In fact, wolves can improve the health of the herd by keeping disease in check and prey species on the move. And according to wolf experts Mech and Peterson, it’s rare for wolves to kill wild prey in surplus.

Wolves do not present a significant threat to people, either. The Wolf Management Plan says, "As of this writing, a wolf attack on a human has never been documented in Michigan or in any of the other 47 contiguous States," and "the public may receive inaccurate or exaggerated impressions of the extent of wolf-related conflicts." The Plan suggests lethal methods of "control" only when human safety is threatened. Eliminating a particularly aggressive or perhaps a rabid animal would constitute a truly targeted removal.

During the DNR’s recent public meeting in Marquette, staff was asked about the seriousness of wolf-human conflicts in the Ironwood area, which was said to be the most troublesome region. Most incidents involved wolves chasing dogs onto decks or simply standing their ground. "A few" pets were attacked; there were no attacks on humans.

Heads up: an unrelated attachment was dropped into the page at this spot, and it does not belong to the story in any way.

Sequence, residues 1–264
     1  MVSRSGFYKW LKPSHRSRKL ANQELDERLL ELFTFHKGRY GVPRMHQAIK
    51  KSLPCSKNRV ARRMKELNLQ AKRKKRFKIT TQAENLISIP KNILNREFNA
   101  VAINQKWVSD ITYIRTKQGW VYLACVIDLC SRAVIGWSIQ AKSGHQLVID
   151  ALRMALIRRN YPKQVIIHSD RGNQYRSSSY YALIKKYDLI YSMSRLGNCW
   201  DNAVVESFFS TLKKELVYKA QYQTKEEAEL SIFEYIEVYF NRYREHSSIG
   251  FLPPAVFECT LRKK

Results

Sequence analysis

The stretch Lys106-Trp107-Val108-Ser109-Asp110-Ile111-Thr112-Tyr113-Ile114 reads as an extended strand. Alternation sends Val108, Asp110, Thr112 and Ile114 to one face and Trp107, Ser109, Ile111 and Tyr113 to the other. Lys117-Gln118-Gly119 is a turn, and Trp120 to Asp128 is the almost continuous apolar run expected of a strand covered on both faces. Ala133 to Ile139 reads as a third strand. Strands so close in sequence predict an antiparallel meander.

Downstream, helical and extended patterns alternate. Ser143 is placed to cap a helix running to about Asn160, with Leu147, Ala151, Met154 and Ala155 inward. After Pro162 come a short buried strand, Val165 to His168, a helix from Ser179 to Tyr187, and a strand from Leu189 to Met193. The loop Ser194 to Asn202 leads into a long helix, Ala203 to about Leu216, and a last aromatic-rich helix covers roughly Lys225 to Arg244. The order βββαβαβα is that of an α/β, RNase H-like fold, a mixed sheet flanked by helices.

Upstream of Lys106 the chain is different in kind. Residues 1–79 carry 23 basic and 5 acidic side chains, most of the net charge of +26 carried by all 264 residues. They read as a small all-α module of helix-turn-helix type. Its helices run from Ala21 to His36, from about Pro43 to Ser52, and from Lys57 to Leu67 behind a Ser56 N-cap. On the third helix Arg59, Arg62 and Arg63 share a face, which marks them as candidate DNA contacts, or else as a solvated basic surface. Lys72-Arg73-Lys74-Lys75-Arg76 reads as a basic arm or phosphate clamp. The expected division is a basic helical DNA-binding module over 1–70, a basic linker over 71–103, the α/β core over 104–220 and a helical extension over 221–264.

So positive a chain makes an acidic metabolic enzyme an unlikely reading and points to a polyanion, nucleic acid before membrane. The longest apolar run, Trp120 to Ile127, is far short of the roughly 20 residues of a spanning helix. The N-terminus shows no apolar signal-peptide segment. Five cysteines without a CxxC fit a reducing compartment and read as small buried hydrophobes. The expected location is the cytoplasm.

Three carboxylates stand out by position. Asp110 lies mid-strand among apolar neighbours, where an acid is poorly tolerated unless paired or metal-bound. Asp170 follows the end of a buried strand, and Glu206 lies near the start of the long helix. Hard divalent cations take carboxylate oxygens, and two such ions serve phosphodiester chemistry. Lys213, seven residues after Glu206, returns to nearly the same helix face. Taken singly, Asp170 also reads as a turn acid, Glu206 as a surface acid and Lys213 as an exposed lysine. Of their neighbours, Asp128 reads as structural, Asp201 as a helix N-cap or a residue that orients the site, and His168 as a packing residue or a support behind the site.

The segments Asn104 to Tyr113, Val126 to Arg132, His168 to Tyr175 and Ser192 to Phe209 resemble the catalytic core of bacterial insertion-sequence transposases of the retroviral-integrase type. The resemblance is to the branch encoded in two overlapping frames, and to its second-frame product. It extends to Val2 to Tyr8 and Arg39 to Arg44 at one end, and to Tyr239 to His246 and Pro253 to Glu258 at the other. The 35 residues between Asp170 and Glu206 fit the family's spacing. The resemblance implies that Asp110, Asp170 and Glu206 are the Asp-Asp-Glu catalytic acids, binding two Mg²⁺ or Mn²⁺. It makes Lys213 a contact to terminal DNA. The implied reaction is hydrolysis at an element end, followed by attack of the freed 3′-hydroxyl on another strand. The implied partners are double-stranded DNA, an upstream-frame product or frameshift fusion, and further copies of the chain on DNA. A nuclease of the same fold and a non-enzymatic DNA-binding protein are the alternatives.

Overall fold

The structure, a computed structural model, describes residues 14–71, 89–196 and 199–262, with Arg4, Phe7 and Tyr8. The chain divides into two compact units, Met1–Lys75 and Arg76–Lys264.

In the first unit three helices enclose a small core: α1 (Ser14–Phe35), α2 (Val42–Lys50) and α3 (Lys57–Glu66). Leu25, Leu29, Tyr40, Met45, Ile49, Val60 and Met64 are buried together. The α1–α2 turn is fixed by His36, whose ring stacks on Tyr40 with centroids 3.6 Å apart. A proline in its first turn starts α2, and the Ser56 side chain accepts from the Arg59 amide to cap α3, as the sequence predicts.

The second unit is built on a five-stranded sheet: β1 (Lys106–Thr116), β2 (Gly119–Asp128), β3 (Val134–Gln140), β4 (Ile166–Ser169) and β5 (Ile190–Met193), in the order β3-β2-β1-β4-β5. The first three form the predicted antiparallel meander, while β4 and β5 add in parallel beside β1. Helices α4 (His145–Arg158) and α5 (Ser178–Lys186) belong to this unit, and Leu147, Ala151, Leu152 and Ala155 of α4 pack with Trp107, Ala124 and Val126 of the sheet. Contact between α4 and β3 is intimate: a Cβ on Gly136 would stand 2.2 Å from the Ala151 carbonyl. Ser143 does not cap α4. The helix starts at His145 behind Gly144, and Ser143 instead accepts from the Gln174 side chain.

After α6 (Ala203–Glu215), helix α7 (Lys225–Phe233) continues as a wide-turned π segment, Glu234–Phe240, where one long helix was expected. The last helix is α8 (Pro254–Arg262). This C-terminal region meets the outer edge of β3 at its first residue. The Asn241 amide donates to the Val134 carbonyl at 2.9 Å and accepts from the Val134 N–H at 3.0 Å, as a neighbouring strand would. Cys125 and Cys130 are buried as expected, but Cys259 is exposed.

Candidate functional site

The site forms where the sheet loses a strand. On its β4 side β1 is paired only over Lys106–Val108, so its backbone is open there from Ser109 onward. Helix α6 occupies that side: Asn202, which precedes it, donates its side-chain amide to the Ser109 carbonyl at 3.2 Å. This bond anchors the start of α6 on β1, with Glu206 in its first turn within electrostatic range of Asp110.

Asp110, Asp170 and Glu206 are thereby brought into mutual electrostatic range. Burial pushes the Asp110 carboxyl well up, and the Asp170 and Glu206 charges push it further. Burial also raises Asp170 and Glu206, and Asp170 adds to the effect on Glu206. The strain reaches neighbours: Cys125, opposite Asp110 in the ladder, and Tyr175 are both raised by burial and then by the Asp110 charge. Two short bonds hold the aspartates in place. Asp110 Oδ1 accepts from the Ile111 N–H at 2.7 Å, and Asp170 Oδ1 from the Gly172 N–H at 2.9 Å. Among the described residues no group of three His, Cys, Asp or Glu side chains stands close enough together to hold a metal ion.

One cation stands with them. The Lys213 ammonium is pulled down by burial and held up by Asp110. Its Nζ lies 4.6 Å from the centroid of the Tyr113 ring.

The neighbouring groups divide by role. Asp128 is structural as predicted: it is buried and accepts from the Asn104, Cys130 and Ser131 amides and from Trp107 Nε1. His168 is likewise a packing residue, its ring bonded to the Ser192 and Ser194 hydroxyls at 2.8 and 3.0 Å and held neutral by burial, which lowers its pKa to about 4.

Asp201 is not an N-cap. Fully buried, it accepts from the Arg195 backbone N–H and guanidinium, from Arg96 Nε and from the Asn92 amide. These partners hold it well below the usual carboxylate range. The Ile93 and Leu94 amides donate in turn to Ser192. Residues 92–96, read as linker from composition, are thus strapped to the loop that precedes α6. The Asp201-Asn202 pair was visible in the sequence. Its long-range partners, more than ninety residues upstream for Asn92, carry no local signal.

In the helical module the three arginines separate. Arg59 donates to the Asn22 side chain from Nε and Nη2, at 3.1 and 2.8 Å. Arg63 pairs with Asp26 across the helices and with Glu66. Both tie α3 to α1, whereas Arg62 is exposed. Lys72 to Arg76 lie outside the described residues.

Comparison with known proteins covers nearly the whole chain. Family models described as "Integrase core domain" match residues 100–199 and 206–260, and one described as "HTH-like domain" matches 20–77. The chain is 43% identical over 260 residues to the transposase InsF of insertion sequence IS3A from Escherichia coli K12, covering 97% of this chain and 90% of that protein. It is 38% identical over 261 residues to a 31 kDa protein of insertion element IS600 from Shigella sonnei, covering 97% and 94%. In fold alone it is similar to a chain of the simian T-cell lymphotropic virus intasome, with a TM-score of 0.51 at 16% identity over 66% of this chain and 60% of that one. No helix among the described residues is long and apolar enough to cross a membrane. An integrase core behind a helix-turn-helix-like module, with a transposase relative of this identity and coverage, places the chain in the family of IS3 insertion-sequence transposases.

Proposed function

It was also stated that residents of the Ironwood area were feeding deer within the city limits and that MDNR had no plans to restrict that practice. Is it right to knowingly attract wolves and then shoot them for showing up? DNR staff says they’ve made efforts to educate people so as to reduce the deer feeding in problem areas like Ironwood. Education doesn’t always work -- that’s why we have seatbelt laws, for example. The Management Plan suggests modifications in law, policy and/or enforcement in order to more effectively discourage human activities that increase the risk of wolf predation. This
recommendation is not being followed. If I plant strawberries in my yard and the resident chipmunks eat them, am I justified in killing those chipmunks? If you answered yes, some soul-searching is in order.